Big Commerce – You can get started selling your handmade goods right away with a free 15-day trial. But unlike some of the sites above, Big Commerce does charge a monthly fee that ranges from $29.95 and up depending on what you need for your business. One neat thing about Big Commerce is that it’s you can also sell on eBay, Amazon, and Facebook through their platform.
2. Craft Fairs
Craft fairs are a really fun way to sell your products. You get to meet people in person and show off your goods personally, which really has an advantage, especially if your product is one that might benefit from a demonstration. People do love to be hands-on and touch items as well before they buy (I know I do!).
Holidays are the most popular time to find craft fairs, but if you do a thorough search, you might be surprised to see that they are offered all year long. Many cities have festivals and fairs in the summertime where small business owners can rent a booth and sell their wares. And depending on your type of product, there are many specialty fairs throughout the country, featuring everything from art and sculptures to clothing and sewn products. If you do your research, I’m sure you’ll find fairs in your area.
3. Trunk Shows
If you make clothing, jewelry, handbags, and the like, you might think about incorporating trunk shows into your selling routine. Sometimes called Home parties, they were made famous by direct sales companies like Tupperware and Stella & Dot. But the trunk shows of today are so much more than just selling products. They allow people to come together, socialize and have a good time while browsing your products. Some small business owners even bring wine and snacks for their customers to trunk shows, and encourage customers to try on clothing and jewelry before they buy.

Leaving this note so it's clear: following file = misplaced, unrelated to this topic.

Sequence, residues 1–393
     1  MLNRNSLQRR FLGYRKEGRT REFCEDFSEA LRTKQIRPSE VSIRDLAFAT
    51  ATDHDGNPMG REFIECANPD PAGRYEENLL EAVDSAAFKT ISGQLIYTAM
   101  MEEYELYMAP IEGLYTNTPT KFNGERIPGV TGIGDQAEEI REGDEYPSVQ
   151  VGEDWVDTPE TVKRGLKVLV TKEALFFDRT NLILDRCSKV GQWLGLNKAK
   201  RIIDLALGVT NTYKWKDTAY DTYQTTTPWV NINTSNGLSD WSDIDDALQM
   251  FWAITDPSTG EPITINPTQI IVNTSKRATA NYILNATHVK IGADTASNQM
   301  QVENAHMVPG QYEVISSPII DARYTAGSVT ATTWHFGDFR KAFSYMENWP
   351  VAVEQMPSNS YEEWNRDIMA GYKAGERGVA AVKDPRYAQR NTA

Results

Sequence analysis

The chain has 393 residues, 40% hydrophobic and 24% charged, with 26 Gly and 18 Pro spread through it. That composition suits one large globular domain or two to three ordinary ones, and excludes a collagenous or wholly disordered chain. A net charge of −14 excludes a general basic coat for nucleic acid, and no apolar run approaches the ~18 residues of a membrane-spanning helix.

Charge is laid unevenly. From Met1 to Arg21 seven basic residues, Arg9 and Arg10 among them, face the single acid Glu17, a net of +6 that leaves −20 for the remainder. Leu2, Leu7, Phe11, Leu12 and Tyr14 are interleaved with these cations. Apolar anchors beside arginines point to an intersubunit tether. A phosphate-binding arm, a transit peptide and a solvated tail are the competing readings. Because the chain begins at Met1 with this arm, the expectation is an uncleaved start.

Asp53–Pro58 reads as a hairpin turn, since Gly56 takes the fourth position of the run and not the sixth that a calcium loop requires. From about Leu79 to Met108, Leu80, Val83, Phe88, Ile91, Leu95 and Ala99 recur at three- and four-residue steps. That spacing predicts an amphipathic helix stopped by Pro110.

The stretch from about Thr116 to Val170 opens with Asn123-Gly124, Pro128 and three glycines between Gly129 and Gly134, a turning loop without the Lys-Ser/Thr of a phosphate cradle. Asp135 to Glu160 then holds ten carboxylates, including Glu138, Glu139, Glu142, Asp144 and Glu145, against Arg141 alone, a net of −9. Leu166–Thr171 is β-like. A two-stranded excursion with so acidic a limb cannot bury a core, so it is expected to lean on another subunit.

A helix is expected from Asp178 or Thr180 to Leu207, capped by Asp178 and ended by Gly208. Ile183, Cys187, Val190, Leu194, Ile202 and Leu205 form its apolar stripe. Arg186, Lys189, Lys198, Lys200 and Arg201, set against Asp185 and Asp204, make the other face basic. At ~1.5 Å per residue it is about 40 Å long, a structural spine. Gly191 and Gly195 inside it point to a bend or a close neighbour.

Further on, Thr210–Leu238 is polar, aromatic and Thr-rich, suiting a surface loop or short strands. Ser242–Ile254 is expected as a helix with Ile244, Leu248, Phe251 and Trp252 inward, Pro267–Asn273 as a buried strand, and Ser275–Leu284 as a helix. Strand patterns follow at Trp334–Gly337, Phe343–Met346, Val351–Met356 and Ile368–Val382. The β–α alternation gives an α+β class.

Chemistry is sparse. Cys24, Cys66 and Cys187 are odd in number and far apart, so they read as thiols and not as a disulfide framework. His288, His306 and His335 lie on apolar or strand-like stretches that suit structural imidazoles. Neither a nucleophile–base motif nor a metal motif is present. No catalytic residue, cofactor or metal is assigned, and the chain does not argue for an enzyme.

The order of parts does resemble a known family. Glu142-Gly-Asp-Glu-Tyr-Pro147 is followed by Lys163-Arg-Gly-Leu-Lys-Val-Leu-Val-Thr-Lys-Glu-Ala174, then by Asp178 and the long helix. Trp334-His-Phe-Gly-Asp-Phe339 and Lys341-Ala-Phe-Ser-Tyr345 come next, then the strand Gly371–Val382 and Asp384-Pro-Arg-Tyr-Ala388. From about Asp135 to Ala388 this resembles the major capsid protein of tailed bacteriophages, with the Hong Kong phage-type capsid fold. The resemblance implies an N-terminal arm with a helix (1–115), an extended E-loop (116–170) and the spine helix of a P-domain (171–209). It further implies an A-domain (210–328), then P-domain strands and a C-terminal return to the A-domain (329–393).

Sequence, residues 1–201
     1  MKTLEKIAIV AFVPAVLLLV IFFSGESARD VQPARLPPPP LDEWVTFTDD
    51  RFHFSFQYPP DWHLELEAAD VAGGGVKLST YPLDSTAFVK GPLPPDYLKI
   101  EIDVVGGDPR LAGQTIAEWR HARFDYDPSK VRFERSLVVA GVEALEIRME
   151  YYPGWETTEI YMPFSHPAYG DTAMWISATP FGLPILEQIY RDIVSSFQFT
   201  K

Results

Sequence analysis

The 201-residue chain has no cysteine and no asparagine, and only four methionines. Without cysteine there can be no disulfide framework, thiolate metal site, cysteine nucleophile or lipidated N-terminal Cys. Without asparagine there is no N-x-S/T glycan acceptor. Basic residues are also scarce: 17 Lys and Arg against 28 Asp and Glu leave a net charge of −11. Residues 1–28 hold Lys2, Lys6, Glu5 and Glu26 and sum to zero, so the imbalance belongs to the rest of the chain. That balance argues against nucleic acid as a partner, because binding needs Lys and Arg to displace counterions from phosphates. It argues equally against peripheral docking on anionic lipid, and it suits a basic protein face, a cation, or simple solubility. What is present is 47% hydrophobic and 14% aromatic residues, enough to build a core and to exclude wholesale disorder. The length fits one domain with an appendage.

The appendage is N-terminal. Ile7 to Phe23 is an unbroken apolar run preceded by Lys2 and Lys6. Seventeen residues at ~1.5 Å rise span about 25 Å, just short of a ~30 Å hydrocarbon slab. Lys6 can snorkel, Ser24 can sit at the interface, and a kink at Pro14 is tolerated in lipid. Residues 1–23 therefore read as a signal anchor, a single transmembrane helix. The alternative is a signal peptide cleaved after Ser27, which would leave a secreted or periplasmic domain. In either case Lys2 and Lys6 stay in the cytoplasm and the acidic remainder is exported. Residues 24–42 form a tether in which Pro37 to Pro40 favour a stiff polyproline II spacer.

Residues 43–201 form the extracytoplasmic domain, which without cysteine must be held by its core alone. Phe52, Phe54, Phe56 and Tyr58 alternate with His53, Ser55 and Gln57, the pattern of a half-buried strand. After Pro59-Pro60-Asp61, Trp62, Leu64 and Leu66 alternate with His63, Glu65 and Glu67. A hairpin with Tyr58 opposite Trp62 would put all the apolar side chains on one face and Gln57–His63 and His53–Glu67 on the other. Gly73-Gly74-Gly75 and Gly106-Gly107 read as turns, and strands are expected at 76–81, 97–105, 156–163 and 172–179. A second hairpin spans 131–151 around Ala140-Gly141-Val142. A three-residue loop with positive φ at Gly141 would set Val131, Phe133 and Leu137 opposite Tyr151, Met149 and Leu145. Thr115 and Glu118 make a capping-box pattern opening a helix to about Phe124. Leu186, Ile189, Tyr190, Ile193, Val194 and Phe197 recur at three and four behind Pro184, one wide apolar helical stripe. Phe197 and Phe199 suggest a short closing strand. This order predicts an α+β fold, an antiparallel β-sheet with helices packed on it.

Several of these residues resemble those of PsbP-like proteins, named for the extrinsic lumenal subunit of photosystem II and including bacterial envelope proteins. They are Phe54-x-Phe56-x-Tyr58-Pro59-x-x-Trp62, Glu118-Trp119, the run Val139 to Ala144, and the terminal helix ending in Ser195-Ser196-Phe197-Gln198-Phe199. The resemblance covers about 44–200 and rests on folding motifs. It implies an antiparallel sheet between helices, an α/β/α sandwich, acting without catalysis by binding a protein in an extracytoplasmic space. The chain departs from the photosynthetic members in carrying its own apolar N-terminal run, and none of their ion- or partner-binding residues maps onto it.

4. Brick and Mortar Boutiques/Rented Space
Getting your handmade products into brick-and-mortar boutiques might be easier than you think. Look carefully at the shops you frequent, because they all get their goods from somewhere. You’ll have better luck with smaller local boutiques than big-name stores. Some boutiques will sell your items for free, then take a commission once they sell, while others charge a monthly fee for the space you use. I know in the town I live in, we have several shops that rent space to small business owners on a month-to-month basis, and a couple of them are comprised entirely of leased spaces. It’s definitely worth asking around to see what’s available in your area.
5. Local Markets
Last but not least, the good old Saturday/Local Market does really well for some folks. It’s a popular place for artists, jewelry makers, food vendors, and more to sell their wares. A cool thing about local markets is the support system. Many towns are very pro buying local and encourage citizens to shop locally whenever possible. I sold at our local Saturday Market one year and had many great memories from that time. It not only helped me spread my wings business-wise, but I made new friends, some of which I still have to this day.
Well, there you have it! I hope this list of places to sell your handmade goods will be a help to you. Have any other ideas to add? Feel free to leave them in the comments below.